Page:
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BM/NOV2005/EC0415

UNIVERSITI TEKNOLOGI MARA FINAL EXAMINATION

COURSE COURSE CODE EXAMINATION TIME

ECONOMICS ECO415 NOVEMBER 2005 3 HOURS

INSTRUCTIONS TO CANDIDATES 1. 2. 3. 4. This question paper consists of two (2) parts: PART A ( 2 Questions) PART B ( 4 Questions)

Answer ALL questions in PART A and only two (2) questions from PART B in the Answer Booklet. Start each answer on a new page. Do not bring any material into the examination room unless permission is given by the invigilator. Please check to make sure that this examination pack consists of: i) the Question Paper ii) an Answer Booklet - provided by the Faculty

DO NOT TURN THIS PAGE UNTIL YOU ARE TOLD TO DO SO This examination paper consists of 6 printed pages
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PART A (50 MARKS)

QUESTION 1

TABLE 1: INCOME ELASTICITY OF DEMAND FOR VARIOUS FOODSTUFFS Foodstuff Income elasticity of Demand Milk -0.40 Cheese 0.19 Eggs -0.41 0.94 Fruit juices Fresh fruits 0.48 nd >\dapted from J. Sloman, Economics, 2 ed TABLE 2: ESTIMATED PRICE ELASTICITY OF DEMAND FOR VARIOUS GOODS AND SERVICES Good / Service Price elasticity of Demand Salt 0.10 Coffee 0.25 Tobacco products, short-run 0.45 Taxi, short-run 0.60 Restaurant meals 2.30 Foreign travel, long-run 4.00 Airline travel, long-run 2.40 Chevrolet automobiles 4.00

>\dapted from http://www.mackinac.org/article.asp

a)

What is demand? Using a diagram, explain the shape of a normal demand curve. (6 marks)

b)

Based on Table 1, explain the difference between income elasticity of demand for eggs and that for fruit juices. (6 marks) Discuss the implications on the revenues of fresh fruits producers when national income increases. (3 marks)
Based on Table 2, explain the difference between price elasticity of demand for salt and that for Chevrolet automobiles. (6 marks)

c)

d)

e)

How would the knowledge of price elasticity of demand be important for a business if it is producing on the price elastic section of the demand curve? (4 marks)
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QUESTION 2

Balance of Payments: January - March 2005


The first three months of 2005 saw a decline of 42.2% in the surplus of the overall balance of payments to RM21.6 billion from that of RM37.4 billion in the last quarter of 2004. The current account surplus surged to RM20.9 billion, the highest among the other quarters, while the financial account recorded a significantly lower net inflow of RM3.3 billion from RM10.1 billion previously.

The current account surplus surged mainly due to a higher net inflow in the goods account. While the goods account rose to RM32.8 billion from that of RM26.9 billion in the previous quarter, the services account continued to record a wider deficit to report at RM3.4 billion from RM2.8 billion.
Adapted from Malaysian Department of Statistics, July 2005

Malaysia FTA hits roadblock over cars Negotiations over a free trade agreement between Japan and Malaysia have hit a speed bump over cars due to Kuala Lumpur's determination to continue protecting its local industry. Former Malaysian Prime Minister Mahathir Mohamad spearheaded the country's "national car project" in the 1980s to foster domestic automakers, aiming to make the car industry a key sector of the economy. While the nation's automakers are required to procure most of their parts within the country, they receive favorable tax treatment. The policy is aimed at protecting the Malaysian car market from imported cars or locally made foreign vehicles. Adapted from www.bilaterals.orq/article. April 2005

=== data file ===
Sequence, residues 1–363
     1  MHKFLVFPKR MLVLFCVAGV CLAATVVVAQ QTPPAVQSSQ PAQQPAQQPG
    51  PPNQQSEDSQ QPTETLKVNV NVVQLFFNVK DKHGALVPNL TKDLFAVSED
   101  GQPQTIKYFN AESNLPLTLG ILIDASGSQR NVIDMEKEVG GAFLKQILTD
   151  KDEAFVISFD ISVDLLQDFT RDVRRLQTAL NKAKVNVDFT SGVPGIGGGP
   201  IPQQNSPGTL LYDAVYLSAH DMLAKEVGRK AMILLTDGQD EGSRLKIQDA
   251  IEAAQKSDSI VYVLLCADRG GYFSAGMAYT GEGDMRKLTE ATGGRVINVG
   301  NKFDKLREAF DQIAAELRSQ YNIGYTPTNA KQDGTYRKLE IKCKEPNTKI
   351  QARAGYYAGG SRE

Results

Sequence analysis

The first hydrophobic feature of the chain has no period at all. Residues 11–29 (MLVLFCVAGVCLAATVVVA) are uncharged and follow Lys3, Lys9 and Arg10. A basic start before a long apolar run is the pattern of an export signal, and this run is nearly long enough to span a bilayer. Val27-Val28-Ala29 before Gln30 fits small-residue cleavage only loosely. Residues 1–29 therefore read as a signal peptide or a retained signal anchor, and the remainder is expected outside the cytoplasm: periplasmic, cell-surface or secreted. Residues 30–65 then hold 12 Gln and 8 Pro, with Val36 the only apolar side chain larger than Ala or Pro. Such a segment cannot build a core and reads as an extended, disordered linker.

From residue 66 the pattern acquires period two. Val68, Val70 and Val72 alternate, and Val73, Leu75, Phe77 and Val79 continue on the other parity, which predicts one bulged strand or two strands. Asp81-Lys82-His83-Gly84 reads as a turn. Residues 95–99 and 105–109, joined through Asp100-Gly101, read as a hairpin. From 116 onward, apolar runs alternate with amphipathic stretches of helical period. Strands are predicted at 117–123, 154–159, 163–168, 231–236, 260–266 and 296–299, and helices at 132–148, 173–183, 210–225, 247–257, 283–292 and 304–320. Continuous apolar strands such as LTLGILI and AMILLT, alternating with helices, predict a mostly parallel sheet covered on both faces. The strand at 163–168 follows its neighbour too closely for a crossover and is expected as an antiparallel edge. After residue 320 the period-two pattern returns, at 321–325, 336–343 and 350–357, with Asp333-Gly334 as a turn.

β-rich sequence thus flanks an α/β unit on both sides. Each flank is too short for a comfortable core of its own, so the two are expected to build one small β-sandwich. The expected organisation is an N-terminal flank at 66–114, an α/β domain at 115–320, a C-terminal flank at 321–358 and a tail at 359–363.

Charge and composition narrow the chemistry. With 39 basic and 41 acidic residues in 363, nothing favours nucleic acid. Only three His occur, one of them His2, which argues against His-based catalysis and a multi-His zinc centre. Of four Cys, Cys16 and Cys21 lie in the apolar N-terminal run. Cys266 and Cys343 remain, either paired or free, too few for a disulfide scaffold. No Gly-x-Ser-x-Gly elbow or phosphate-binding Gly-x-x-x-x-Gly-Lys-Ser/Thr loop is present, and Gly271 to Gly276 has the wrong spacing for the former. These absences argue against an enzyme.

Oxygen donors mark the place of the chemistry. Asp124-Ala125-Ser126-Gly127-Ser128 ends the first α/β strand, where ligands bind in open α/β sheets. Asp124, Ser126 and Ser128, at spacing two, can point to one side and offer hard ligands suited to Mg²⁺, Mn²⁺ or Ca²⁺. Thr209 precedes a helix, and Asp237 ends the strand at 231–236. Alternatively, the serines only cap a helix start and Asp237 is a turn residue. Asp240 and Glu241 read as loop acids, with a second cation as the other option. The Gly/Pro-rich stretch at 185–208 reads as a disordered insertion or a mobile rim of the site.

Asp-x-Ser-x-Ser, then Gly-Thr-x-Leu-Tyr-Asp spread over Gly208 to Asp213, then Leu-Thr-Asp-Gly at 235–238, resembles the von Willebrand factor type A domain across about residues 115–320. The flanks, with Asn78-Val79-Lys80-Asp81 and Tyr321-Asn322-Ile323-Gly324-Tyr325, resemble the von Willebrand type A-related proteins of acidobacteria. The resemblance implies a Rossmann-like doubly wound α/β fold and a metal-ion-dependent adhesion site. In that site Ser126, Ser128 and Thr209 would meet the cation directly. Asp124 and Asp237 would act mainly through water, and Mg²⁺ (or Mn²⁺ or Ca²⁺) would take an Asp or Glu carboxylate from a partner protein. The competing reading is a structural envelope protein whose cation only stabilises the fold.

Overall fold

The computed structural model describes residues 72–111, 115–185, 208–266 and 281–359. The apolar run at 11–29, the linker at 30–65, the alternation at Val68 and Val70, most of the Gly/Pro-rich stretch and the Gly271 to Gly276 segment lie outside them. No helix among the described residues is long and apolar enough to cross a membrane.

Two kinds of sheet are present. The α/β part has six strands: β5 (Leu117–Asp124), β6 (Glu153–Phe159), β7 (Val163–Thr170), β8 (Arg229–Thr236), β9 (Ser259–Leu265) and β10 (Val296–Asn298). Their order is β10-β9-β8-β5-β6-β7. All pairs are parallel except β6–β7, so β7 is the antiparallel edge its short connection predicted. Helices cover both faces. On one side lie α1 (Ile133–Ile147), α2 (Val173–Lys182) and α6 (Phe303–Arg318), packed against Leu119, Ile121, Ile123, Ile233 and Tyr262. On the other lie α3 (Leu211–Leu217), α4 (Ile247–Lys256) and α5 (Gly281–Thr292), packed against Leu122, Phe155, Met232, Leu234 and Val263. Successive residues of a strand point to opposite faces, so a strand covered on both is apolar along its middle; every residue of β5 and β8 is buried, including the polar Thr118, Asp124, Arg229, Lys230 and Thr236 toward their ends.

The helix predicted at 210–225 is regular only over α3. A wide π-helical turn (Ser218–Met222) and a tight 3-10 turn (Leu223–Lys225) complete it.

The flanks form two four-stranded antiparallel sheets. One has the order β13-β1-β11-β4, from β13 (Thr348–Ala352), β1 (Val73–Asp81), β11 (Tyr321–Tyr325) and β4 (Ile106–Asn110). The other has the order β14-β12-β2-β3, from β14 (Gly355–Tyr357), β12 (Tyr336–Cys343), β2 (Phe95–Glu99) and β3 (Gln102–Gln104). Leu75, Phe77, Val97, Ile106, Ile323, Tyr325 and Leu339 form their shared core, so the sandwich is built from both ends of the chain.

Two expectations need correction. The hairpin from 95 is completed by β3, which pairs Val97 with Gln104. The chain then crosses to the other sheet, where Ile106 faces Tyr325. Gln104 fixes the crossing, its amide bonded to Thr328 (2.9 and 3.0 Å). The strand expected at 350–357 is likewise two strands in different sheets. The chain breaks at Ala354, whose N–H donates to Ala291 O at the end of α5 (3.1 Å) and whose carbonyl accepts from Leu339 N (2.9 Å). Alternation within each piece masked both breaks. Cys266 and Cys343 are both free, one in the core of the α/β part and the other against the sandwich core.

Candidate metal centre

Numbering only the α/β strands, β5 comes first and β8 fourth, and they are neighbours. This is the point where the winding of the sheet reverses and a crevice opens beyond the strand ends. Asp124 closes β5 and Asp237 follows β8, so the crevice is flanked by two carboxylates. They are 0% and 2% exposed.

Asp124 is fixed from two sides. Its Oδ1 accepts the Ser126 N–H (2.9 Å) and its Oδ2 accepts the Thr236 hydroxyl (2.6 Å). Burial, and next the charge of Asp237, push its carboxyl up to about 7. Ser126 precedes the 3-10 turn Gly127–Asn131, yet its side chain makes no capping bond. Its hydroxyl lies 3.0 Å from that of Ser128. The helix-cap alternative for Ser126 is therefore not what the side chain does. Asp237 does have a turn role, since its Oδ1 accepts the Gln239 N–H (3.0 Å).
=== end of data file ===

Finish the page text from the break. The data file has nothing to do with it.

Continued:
a)

What is balance of payments? Briefly describe the structure of balance of payments.


(6 marks)

b)

The first three months of 2005 saw a decline in the surplus of the overall balance of payments. What does this mean and how does it affect Malaysia's official reserves? (4 marks)

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c)

"Negotiations over a free trade agreement between Japan and Malaysia have hit a speed bump over cars due to Kuala Lumpur's determination to continue protecting its local industry."
i) What is meant by free trade and explain in detail two (2) of its benefits.

(6 marks)
ii) Discuss two (2) ways how the Malaysian government can protect its local industry. (5 marks)

d)

Other than protecting local industry, explain two (2) other reasons for protectionism. (4 marks)

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PART B (50 MARKS)

QUESTION 1

a)

Why is it likely that the price of a good or service will be fixed at the point where demand equals supply? Cite some examples where this is not the case. (15 marks)

b)

"Individuals and societies always incur opportunity costs". Using examples, explain the above statement. (10 marks)

QUESTION 2

a)

Explain the following: i) short-run and long-run production

(3 marks) ii) iii) fixed and variable costs (3 marks) average and marginal costs (3 marks) b) Differentiate between the Law of Diminishing Marginal Returns and Law of Returns to Scale. (6 marks) "Under conditions of perfect competition, a firm's price is likely to be lower and its output is likely to be higher than in monopoly conditions". Using a diagram, explain the above statement. (10 marks)

c)

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QUESTION 3

a)

Describe the methods which might be used to calculate national income of a country and explain three (3) difficulties involved in the calculation. (15 marks)

b)

Discuss how national income statistics can be useful to the government of Malaysia.
(10 marks)

QUESTION 4

a)

The government wishes to reduce unemployment. What actions can be used to achieve this objective? (15 marks)
Explain what is meant by inflation and examine the different factors which may give rise to this problem. (10 marks)

b)

END OF QUESTION PAPER

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